Is praise always a good thing?

     Is it detrimental to praise a child for their intelligence or abilities? As a society we tend to praise and show admiration of our young for their intelligence or abilities. The problem with praising a child is not the act, but how it’s conveyed and how it’s delineated to the individual child. Praising a child for their intelligence and not for their effort or hard work will harm them emotionally in the future.  By praising a child for their ability you are opening them up to not only potential failure, but disappointment should they not be as successful the next time around.  Praising a child for their ability draws attention to them and makes a big deal of the accomplishment, regardless of whether it is from effort or intelligence and ability.

    There is research that supports this thinking about the effects of praise. In 1998, Dr. Carol C. Dweck, a psychologist from Columbia University, published some startling findings.  She administered a simple test to over 700 school-age children in New York City. Afterwards, researchers praised half the group for their intelligence and ability with phrases such as “you are so smart” or “you really used your brains on that test.” For the other group, she praised them for their effort and the hard work in getting the grade that they received.  Later, she offered the group a choice of an easy and a harder test. One test was the same level as the previous and the other was slightly harder. Surprisingly, the majority of the students praised for their intelligence picked the same test level as before and those that were praised for their effort and hard work chose the harder test. Dr. Dweck (1998) found that children praised for effort increased their test score by 30% and those praised for their intelligence scored 20% lower. 

     Dr. Dweck explains that when a child is praised for their intelligence, this puts that child in a fixed mindset that then leads to avoidance of new challenges in the future because of a fear of looking less intelligent. Dr. Dweck’s research suggests to all parents, teachers and leaders that praise of a child should be for hard work, perseverance and resiliency; she called this a growth mindset (Dweck, 1998).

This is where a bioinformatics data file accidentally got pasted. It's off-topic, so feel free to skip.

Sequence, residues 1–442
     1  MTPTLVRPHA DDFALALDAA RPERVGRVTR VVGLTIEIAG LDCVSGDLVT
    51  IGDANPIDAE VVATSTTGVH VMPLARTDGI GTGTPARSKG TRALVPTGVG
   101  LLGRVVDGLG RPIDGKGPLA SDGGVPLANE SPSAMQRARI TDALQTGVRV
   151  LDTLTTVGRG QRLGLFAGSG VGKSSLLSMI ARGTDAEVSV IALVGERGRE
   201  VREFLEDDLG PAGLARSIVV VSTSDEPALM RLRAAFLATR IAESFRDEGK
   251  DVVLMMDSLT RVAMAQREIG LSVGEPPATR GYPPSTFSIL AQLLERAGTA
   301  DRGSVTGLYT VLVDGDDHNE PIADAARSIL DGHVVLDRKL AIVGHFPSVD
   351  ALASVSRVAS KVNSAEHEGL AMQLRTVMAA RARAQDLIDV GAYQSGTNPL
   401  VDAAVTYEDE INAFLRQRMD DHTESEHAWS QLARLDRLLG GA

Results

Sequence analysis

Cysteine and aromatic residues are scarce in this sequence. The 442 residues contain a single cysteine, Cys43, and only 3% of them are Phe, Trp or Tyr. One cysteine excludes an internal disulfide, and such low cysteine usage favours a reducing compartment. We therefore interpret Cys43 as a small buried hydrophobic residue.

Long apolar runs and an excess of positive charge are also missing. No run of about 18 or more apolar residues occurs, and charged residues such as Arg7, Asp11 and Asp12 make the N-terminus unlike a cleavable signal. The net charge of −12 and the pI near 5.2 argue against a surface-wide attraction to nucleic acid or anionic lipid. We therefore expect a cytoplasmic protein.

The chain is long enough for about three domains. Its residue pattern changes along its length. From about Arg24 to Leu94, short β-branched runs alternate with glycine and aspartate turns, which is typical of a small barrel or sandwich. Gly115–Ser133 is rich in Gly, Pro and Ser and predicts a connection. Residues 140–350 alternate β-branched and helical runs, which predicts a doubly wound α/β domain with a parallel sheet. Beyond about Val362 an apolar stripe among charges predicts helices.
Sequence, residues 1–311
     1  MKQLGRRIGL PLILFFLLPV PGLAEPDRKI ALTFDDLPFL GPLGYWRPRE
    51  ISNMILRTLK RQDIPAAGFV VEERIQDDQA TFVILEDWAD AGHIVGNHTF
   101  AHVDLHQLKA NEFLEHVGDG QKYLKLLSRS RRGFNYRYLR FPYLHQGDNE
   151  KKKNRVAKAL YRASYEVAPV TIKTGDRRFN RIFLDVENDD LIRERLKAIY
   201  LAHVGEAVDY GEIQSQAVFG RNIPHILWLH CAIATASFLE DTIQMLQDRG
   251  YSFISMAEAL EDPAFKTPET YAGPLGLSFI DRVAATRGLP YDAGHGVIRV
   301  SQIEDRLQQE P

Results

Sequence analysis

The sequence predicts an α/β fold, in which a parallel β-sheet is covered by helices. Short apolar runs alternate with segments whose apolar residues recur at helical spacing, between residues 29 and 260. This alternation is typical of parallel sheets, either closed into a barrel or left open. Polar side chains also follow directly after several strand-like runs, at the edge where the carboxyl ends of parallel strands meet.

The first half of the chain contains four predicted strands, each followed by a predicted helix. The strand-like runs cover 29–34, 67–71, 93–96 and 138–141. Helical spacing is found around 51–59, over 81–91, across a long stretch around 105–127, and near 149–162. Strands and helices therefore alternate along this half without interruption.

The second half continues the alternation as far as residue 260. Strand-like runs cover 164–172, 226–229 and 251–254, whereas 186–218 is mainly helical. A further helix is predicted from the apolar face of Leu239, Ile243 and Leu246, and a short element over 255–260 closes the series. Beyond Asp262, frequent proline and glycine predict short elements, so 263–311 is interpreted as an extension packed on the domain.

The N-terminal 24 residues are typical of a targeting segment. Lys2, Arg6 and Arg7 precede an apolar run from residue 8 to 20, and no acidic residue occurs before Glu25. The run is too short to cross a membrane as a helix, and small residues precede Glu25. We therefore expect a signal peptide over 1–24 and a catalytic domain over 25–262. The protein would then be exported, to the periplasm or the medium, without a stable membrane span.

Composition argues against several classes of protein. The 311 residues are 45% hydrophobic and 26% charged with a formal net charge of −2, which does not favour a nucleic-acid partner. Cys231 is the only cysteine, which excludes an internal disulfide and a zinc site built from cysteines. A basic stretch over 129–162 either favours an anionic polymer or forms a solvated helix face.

In 2006, Dr. Dweck expanded the study to adults and those in leadership positions, and again the results were remarkable. She found that those with growth mindsets were willing to embrace challenges, learn from criticism and adapt by applying themselves with more effort in order to overcome tough assignments in the workplace. The opposite was true for those who were of a fixed mindset, and they instead tended to run away from challenges, had no resilience, made no effort to finish the job, and avoided unfavorable criticism. Furthermore, those from a fixed mindset perspective must continue to validate their expectations and abilities on the job. Those with a mindset opposite to that of a fixed mindset embraced new challenges, didn’t rely on others to validate them, and were open to potential for getting the job done.   

    Therefore, the bottom line is that praise and motivation of your child with an emphasis on their innate intelligence will be detrimental to their future in society. Instead one should praise children for hard work and perseverance. In this way, they will surely succeed as a child and in future work. To reemphasize, praise for effort, rather than intelligence, fosters a growth mindset that highlights the notion that taking risks and putting forth effort can bring with it rewards, even if the risk of getting there is uncertain.  These findings are the same for both children and adults.

Derrick Darden, PhD